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Abstract:Out of the rich family of generalized linear bandits, perhaps the most well studied ones are logisitc bandits that are used in problems with binary rewards: for instance, when the learner/agent tries to maximize the profit over a user that can select one of two possible outcomes (e.g., `click' vs `no-click'). Despite remarkable recent progress and improved algorithms for logistic bandits, existing works do not address practical situations where the number of outcomes that can be selected by the user is larger than two (e.g., `click', `show me later', `never show again', `no click'). In this paper, we study such an extension. We use multinomial logit (MNL) to model the probability of each one of $K+1\geq 2$ possible outcomes (+1 stands for the `not click' outcome): we assume that for a learner's action $\mathbf{x}_t$, the user selects one of $K+1\geq 2$ outcomes, say outcome $i$, with a multinomial logit (MNL) probabilistic model with corresponding unknown parameter $\bar{\boldsymbol\theta}_{\ast i}$. Each outcome $i$ is also associated with a revenue parameter $\rho_i$ and the goal is to maximize the expected revenue. For this problem, we present MNL-UCB, an upper confidence bound (UCB)-based algorithm, that achieves regret $\tilde{\mathcal{O}}(dK\sqrt{T})$ with small dependency on problem-dependent constants that can otherwise be arbitrarily large and lead to loose regret bounds. We present numerical simulations that corroborate our theoretical results.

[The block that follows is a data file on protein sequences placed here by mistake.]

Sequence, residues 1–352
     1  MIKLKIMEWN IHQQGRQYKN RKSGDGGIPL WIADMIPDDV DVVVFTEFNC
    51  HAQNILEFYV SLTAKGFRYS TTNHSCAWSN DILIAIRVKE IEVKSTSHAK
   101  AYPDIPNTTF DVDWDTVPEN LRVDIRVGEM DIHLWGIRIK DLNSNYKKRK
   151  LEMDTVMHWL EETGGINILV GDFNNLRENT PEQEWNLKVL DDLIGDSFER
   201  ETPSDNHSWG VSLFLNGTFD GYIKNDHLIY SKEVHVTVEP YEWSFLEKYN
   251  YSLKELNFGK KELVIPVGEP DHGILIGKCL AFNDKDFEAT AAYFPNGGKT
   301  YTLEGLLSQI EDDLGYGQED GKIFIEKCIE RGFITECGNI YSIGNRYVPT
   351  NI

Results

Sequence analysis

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Abstract:We study decentralized stochastic linear bandits, where a network of $N$ agents acts cooperatively to efficiently solve a linear bandit-optimization problem over a $d$-dimensional space. For this problem, we propose DLUCB: a fully decentralized algorithm that minimizes the cumulative regret over the entire network. At each round of the algorithm each agent chooses its actions following an upper confidence bound (UCB) strategy and agents share information with their immediate neighbors through a carefully designed consensus procedure that repeats over cycles. Our analysis adjusts the duration of these communication cycles ensuring near-optimal regret performance $\mathcal{O}(d\log{NT}\sqrt{NT})$ at a communication rate of $\mathcal{O}(dN^2)$ per round. The structure of the network affects the regret performance via a small additive term - coined the regret of delay - that depends on the spectral gap of the underlying graph. Notably, our results apply to arbitrary network topologies without a requirement for a dedicated agent acting as a server. In consideration of situations with high communication cost, we propose RC-DLUCB: a modification of DLUCB with rare communication among agents. The new algorithm trades off regret performance for a significantly reduced total communication cost of $\mathcal{O}(d^3N^{2.5})$ over all $T$ rounds. Finally, we show that our ideas extend naturally to the emerging, albeit more challenging, setting of safe bandits. For the recently studied problem of linear bandits with unknown linear safety constraints, we propose the first safe decentralized algorithm. Our study contributes towards applying bandit techniques in safety-critical distributed systems that repeatedly deal with unknown stochastic environments. We present numerical simulations for various network topologies that corroborate our theoretical findings.